Ice Castles, LLC, the Utah-based event company that builds sculptural castles from ice, may return to Downtown Stillwater this winter — only if city staff feel the massive ice walls won’t damage city infrastructure.
During the Oct. 1 meeting, the Stillwater City Council approved the return of the winter venue for a third year, and with it an estimated 100,000 visitors to Stillwater in the most difficult time of year for businesses.
According to the application, this year’s Ice Castle would be located in the same footprint as previous years — in North Lowell Park between the pedestrian plaza and the Lift Bridge. However, city engineer Shawn Sanders has concerns about the quality of the soil and its ability to support the additional weight of the ice.
“As you go further north, the soils just get worse,” Sanders told the council.
In past years, the Ice Castle was allowed to set up sprayers to create the ice walls on Sam Bloomer Way, the street running along the St. Croix River. While the water creates ice in its intend location, overspray began to coat the gazebo and Sanders said he didn’t want ice to damage the structure or push against the foundation. He asked the council to approve the event without allowing the Ice Castle to touch Sam Bloomer Way.
“That would make it impossible for us,” said Ice Castle, LLC CEO Ryan Davis.
Davis told the council that they need enough width in construction to create a maze, courtyard and other features to make the event fun for visitors. If the structure would be too narrow, it would only be an ice tunnel, Davis said.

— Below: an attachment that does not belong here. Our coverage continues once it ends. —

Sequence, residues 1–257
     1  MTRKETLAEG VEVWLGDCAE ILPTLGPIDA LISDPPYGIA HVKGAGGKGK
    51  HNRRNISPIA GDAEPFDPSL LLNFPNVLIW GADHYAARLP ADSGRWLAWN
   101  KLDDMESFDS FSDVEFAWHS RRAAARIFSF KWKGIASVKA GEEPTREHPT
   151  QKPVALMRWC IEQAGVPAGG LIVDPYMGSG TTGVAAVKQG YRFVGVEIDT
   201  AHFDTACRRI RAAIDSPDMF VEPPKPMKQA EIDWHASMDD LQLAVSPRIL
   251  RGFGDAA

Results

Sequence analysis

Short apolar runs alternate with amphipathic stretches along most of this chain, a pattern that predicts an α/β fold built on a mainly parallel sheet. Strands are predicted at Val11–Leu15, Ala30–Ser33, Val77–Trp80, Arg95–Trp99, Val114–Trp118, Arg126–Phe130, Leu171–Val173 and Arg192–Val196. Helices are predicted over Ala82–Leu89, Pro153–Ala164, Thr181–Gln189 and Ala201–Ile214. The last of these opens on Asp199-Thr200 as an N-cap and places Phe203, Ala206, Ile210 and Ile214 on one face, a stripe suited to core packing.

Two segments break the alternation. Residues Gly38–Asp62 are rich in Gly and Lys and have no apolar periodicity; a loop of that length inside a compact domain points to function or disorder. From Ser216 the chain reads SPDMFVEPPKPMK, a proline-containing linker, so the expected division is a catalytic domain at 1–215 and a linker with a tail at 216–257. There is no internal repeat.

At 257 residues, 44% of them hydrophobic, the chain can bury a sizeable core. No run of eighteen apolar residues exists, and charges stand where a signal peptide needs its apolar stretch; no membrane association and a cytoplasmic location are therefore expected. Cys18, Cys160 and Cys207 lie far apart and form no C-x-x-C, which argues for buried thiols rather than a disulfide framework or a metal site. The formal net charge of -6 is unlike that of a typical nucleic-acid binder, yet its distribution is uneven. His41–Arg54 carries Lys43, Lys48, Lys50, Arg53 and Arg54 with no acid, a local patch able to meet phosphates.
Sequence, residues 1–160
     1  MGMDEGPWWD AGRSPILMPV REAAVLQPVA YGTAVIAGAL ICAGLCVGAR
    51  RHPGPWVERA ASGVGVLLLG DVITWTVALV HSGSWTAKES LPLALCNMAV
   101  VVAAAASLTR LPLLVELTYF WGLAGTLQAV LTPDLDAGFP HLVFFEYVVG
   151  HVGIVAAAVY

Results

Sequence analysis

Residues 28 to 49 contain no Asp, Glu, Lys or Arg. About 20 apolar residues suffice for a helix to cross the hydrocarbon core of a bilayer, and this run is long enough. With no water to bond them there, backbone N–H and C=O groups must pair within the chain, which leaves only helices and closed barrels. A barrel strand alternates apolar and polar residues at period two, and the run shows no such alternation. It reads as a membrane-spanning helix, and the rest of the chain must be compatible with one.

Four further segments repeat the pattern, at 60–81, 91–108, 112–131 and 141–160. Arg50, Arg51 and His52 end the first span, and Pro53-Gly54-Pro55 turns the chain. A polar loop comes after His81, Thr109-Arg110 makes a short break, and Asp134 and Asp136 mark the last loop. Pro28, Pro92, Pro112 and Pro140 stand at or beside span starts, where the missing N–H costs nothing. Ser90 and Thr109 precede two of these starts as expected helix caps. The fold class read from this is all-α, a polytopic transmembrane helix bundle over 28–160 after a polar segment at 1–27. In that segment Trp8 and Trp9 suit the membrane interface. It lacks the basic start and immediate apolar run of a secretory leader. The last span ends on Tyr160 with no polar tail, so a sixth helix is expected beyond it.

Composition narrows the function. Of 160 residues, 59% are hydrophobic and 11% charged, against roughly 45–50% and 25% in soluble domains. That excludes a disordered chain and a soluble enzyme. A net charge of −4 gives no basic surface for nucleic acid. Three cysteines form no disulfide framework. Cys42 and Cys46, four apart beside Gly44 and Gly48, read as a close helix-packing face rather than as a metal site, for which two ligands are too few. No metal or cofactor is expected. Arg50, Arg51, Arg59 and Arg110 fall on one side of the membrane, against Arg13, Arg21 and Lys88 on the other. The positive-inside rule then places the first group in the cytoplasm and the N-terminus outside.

“This is already the narrowest castle was build,” Davis said.
The council asked Davis and Sanders to meet this week to walk the proposed site to see if the size needs can be figured out. However, if the site is too small for the ice venue to be constructed safely, Davis said they would go to a different city again this year.
However, Stillwater is a site he is interested in returning to. In exchange for allowing the event in the city park, Ice Castles will be charged a $75 per day base fee, equaling $12,675 for the duration the Ice Castle is in the park. The city will also impose a $3,000 fee for every 10,000 visitors beyond 50,000. These fees are a 30% increase from what they were paying last year after moving the attraction to the city of Excelsior on Lake Minnetonka.
While the venue brings a positive economic benefit, the city has concerns about the impact the Ice Castle has on city infrastructure and the mess it leaves behind. In the spring of 2018, the city charged Ice Castles for “extensive damage” to infrastructure in the park. While costs to repair Lowell Park where paid by Ice Castles after the damage was found, the city has asked that for this year Ice Castles submit a $50,000 security deposit and a list of contractors capable of remediation work in order to expedite clean up in the spring. Ice Castles will need to vacate the site three weeks after its last day in operation - ending either on March 15 or sooner depending on weather.
“Personally, I love the Ice Castle, but the cleanup in the spring was not good,” said council member Mike Polehna. “We took a lot of heat that first year.”
For businesses in the city, the influx of 100,000 visitors — and the cash they spend — to Stillwater in January, February and March would be welcome.
“The first financial quarter is the most difficult for our businesses,” said Robin Anthony, the executive director of the Greater Stillwater Chamber of Commerce.
Anthony said that events like the Ice Castle, Stillwater Lights display and other winter-friendly activities are part of making Stillwater a year-round destination, and would like to see the event return this winter.
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